EP0695494B1 - Electronic module comprising a stack of ic chips - Google Patents

Electronic module comprising a stack of ic chips Download PDF

Info

Publication number
EP0695494B1
EP0695494B1 EP19940915397 EP94915397A EP0695494B1 EP 0695494 B1 EP0695494 B1 EP 0695494B1 EP 19940915397 EP19940915397 EP 19940915397 EP 94915397 A EP94915397 A EP 94915397A EP 0695494 B1 EP0695494 B1 EP 0695494B1
Authority
EP
European Patent Office
Prior art keywords
circuitry
stack
chip
memory
ic
Prior art date
Legal status (The legal status is an assumption and is not a legal conclusion. Google has not performed a legal analysis and makes no representation as to the accuracy of the status listed.)
Expired - Lifetime
Application number
EP19940915397
Other languages
German (de)
French (fr)
Other versions
EP0695494A1 (en
EP0695494A4 (en
Inventor
John C. Carson
Raphael R. Some
Current Assignee (The listed assignees may be inaccurate. Google has not performed a legal analysis and makes no representation or warranty as to the accuracy of the list.)
Irvine Sensors Corp
Original Assignee
Irvine Sensors Corp
Priority date (The priority date is an assumption and is not a legal conclusion. Google has not performed a legal analysis and makes no representation as to the accuracy of the date listed.)
Filing date
Publication date
Priority to US5247593A priority Critical
Application filed by Irvine Sensors Corp filed Critical Irvine Sensors Corp
Priority to PCT/US1994/004322 priority patent/WO1994026083A1/en
Publication of EP0695494A1 publication Critical patent/EP0695494A1/en
Publication of EP0695494A4 publication Critical patent/EP0695494A4/en
Application granted granted Critical
Publication of EP0695494B1 publication Critical patent/EP0695494B1/en
Priority to US52475 priority
Anticipated expiration legal-status Critical
Application status is Expired - Lifetime legal-status Critical

Links

Images

Classifications

    • HELECTRICITY
    • H01BASIC ELECTRIC ELEMENTS
    • H01LSEMICONDUCTOR DEVICES; ELECTRIC SOLID STATE DEVICES NOT OTHERWISE PROVIDED FOR
    • H01L25/00Assemblies consisting of a plurality of individual semiconductor or other solid state devices ; Multistep manufacturing processes thereof
    • H01L25/03Assemblies consisting of a plurality of individual semiconductor or other solid state devices ; Multistep manufacturing processes thereof all the devices being of a type provided for in the same subgroup of groups H01L27/00 - H01L51/00, e.g. assemblies of rectifier diodes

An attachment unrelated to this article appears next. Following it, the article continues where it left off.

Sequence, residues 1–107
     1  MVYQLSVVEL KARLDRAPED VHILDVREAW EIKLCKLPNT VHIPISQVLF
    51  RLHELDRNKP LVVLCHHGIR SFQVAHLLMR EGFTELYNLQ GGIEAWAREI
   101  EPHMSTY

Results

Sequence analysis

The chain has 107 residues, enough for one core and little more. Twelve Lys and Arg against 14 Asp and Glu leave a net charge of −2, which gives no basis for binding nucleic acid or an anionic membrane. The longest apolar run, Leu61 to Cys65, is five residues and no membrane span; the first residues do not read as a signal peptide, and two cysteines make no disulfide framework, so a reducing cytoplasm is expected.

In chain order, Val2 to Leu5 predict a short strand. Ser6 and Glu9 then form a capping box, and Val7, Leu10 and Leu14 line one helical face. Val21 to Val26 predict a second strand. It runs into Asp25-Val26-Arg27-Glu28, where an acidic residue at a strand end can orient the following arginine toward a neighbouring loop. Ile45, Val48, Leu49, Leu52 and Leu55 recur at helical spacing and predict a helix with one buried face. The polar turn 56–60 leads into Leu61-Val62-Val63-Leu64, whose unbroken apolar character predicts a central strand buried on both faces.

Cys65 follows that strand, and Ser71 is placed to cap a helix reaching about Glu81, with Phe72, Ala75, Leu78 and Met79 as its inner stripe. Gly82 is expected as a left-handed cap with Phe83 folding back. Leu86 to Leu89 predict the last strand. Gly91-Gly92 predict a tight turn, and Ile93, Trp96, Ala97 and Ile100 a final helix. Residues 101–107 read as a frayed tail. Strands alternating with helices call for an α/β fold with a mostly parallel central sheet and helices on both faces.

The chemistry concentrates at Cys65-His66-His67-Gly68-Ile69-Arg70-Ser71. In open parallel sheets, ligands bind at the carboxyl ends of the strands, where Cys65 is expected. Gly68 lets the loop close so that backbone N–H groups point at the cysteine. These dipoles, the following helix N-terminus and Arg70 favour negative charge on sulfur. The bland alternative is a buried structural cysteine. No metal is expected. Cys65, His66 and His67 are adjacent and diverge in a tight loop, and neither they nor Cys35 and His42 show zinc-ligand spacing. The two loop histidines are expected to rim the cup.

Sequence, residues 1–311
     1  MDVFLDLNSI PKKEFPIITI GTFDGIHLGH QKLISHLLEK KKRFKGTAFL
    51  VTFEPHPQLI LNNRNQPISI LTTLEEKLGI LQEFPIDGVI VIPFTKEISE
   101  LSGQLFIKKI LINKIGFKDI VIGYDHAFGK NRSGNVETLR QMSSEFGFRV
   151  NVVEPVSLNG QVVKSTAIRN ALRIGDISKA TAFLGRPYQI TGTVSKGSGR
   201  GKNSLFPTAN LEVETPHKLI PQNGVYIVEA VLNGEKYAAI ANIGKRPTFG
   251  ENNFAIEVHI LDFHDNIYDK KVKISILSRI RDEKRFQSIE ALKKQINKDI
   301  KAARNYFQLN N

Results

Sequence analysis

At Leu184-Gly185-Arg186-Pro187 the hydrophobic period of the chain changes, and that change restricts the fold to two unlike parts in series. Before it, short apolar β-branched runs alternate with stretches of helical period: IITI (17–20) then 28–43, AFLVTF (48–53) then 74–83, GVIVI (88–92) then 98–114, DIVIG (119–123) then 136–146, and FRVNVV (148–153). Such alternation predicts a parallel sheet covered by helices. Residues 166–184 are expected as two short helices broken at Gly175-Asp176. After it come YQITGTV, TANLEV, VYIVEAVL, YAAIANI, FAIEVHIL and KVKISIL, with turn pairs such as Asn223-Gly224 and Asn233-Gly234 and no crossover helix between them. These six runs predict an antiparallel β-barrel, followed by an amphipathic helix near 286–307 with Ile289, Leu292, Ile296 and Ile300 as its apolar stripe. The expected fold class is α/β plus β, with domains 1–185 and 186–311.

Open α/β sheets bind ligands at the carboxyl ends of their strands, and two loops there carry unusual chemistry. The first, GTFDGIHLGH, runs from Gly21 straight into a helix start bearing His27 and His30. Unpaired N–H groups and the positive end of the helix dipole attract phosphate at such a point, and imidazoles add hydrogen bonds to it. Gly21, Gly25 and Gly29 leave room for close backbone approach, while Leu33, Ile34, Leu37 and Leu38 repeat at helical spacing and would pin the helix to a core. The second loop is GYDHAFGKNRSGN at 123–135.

• H01L25/04Assemblies consisting of a plurality of individual semiconductor or other solid state devices ; Multistep manufacturing processes thereof all the devices being of a type provided for in the same subgroup of groups H01L27/00 - H01L51/00, e.g. assemblies of rectifier diodes the devices not having separate containers
    • H01L25/065Assemblies consisting of a plurality of individual semiconductor or other solid state devices ; Multistep manufacturing processes thereof all the devices being of a type provided for in the same subgroup of groups H01L27/00 - H01L51/00, e.g. assemblies of rectifier diodes the devices not having separate containers the devices being of a type provided for in group H01L27/00
    • H01L25/0657Stacked arrangements of devices
    • HELECTRICITY
    • H01BASIC ELECTRIC ELEMENTS
    • H01LSEMICONDUCTOR DEVICES; ELECTRIC SOLID STATE DEVICES NOT OTHERWISE PROVIDED FOR
    • H01L25/00Assemblies consisting of a plurality of individual semiconductor or other solid state devices ; Multistep manufacturing processes thereof
    • H01L25/18Assemblies consisting of a plurality of individual semiconductor or other solid state devices ; Multistep manufacturing processes thereof the devices being of types provided for in two or more different subgroups of the same main group of groups H01L27/00 - H01L51/00
    • HELECTRICITY
    • H01BASIC ELECTRIC ELEMENTS
    • H01LSEMICONDUCTOR DEVICES; ELECTRIC SOLID STATE DEVICES NOT OTHERWISE PROVIDED FOR
    • H01L2224/00Indexing scheme for arrangements for connecting or disconnecting semiconductor or solid-state bodies and methods related thereto as covered by H01L24/00
    • H01L2224/01Means for bonding being attached to, or being formed on, the surface to be connected, e.g. chip-to-package, die-attach, "first-level" interconnects; Manufacturing methods related thereto
    • H01L2224/10Bump connectors; Manufacturing methods related thereto
    • H01L2224/15Structure, shape, material or disposition of the bump connectors after the connecting process
    • H01L2224/16Structure, shape, material or disposition of the bump connectors after the connecting process of an individual bump connector
    • H01L2224/161Disposition
    • H01L2224/16135Disposition the bump connector connecting between different semiconductor or solid-state bodies, i.e. chip-to-chip
    • H01L2224/16145Disposition the bump connector connecting between different semiconductor or solid-state bodies, i.e. chip-to-chip the bodies being stacked
    • HELECTRICITY
    • H01BASIC ELECTRIC ELEMENTS
    • H01LSEMICONDUCTOR DEVICES; ELECTRIC SOLID STATE DEVICES NOT OTHERWISE PROVIDED FOR